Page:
Greetings,

I had a question related to finding the correct damping parameter for a

given system when thermostating (specifically I am using fix langevin).

The damping should be related to the effective viscosity of whatever

material you are investigating. And it seems that a correct damping

parameter should exist for a given material at a given temperature. In the

discussion on fix viscous, the damping force F is given by F = - gamma *

velocity, where gamma is a kind of friction coefficient. It is also stated

that "the gamma of fix viscous is related to the damping parameter of fix

langevin, except that the units of gamma are force/velocity and the units

of damp are time, so that it can more easily be used as a thermostat."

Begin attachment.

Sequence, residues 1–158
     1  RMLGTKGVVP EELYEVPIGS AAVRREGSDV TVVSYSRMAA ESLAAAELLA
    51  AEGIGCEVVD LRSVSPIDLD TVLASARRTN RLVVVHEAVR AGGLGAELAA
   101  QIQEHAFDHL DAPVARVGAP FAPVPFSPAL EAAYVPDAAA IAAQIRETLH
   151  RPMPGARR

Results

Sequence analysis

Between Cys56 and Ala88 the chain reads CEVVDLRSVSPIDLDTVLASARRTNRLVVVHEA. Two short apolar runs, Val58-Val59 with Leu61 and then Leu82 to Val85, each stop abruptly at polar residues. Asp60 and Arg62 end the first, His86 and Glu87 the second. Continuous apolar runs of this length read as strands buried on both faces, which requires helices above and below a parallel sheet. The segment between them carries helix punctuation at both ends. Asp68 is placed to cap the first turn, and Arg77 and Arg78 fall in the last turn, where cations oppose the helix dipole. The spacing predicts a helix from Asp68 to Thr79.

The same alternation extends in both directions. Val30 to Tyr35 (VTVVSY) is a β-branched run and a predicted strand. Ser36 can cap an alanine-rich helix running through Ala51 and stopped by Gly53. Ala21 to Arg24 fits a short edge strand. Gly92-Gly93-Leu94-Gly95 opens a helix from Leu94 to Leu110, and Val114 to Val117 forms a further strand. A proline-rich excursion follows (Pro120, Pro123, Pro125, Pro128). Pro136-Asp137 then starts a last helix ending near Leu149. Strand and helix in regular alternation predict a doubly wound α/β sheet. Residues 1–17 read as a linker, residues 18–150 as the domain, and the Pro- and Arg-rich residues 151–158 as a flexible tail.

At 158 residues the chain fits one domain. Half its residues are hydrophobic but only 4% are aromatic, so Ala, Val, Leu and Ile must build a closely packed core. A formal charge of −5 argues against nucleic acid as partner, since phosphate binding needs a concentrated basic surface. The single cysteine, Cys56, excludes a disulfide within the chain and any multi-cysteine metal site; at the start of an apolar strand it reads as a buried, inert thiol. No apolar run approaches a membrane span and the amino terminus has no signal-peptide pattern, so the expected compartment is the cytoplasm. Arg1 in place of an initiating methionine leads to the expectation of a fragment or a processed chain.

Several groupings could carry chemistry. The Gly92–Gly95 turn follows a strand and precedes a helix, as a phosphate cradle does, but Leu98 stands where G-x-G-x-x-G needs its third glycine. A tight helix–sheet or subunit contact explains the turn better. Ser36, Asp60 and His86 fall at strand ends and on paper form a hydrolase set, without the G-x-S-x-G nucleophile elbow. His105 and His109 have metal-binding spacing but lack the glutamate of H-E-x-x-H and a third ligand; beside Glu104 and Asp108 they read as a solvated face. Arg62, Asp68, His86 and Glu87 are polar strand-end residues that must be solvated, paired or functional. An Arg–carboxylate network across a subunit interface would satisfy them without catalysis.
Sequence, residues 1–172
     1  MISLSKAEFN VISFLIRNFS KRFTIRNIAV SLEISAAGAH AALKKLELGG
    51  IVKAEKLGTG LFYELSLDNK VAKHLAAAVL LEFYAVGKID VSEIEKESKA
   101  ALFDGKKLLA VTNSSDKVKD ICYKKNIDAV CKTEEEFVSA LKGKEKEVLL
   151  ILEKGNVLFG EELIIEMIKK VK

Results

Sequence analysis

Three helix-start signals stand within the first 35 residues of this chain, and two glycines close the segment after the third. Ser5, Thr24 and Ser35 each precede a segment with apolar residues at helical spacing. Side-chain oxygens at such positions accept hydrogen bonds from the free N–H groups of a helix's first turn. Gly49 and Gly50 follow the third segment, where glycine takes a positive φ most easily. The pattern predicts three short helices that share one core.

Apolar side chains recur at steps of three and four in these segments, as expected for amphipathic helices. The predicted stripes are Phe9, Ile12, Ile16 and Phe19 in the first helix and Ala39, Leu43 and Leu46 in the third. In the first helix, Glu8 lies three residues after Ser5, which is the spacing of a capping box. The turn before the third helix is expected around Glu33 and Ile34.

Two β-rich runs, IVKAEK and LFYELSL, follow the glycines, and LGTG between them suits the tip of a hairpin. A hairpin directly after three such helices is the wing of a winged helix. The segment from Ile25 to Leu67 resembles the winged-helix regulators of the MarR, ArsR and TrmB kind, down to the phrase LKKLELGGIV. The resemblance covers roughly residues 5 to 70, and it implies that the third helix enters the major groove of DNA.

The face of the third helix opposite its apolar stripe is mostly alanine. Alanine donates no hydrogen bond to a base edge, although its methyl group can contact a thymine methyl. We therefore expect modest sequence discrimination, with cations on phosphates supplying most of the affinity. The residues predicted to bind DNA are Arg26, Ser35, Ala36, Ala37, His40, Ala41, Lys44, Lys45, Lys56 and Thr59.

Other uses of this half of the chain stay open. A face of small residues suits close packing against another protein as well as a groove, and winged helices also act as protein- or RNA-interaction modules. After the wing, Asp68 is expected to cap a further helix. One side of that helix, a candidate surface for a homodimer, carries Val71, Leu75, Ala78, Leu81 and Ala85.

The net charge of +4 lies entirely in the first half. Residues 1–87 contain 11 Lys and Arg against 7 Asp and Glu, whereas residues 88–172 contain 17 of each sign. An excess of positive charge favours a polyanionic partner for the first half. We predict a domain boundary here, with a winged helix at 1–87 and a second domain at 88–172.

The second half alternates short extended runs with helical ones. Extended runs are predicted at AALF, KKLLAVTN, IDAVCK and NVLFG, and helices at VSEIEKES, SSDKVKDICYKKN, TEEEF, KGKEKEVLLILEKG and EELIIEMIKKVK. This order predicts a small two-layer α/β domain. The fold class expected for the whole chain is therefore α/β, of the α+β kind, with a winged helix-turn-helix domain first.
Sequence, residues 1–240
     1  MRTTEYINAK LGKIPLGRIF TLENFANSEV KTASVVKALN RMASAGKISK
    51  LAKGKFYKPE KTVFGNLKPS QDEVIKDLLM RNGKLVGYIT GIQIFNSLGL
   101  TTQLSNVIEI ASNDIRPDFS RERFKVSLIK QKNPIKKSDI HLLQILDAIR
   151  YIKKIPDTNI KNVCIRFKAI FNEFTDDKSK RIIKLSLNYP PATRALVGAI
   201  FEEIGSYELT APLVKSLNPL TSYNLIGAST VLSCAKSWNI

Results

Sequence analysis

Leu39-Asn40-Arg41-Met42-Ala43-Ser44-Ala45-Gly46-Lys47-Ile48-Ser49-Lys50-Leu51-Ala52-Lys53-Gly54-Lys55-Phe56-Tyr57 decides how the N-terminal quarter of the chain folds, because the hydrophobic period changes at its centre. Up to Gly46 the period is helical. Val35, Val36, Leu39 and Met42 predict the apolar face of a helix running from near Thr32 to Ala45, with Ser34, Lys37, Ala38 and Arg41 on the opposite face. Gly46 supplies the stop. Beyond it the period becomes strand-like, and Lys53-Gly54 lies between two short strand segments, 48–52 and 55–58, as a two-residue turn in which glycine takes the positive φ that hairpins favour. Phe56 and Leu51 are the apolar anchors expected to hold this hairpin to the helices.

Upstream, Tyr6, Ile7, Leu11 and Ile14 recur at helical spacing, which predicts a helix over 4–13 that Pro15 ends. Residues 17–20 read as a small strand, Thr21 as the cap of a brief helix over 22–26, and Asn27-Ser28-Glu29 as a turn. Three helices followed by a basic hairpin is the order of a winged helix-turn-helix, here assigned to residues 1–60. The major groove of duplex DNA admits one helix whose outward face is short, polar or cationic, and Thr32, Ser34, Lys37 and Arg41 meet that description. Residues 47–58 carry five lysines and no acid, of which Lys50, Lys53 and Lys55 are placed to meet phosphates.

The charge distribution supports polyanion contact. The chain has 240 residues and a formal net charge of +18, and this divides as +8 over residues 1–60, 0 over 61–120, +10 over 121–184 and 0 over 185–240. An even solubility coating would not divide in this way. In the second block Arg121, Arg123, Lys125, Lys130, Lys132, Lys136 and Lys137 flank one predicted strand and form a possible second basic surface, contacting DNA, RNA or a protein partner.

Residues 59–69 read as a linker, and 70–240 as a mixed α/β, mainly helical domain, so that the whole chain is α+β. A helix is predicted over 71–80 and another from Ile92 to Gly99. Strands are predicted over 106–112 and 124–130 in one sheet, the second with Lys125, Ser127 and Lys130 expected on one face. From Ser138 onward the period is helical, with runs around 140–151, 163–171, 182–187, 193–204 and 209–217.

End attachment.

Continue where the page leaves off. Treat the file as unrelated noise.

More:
My question is how specifically are the two related? Since force/velocity

units end up as mass/time, and the langevin damping is in time. Assuming I

can get an accurate gamma, I would like to get an accurate langevin damping

parameter.

I could use a standard damping of 10, or 100, or something that just works.

However, I should be able to better model my intended system knowing the

actual damping parameter.

Any help is most appreciated, and if this doesnt make sense please let me

know.

Thanks all.

Ben

Benjamin Warren Beeler

Mechanical and Aerospace Engineering

University of California, Davis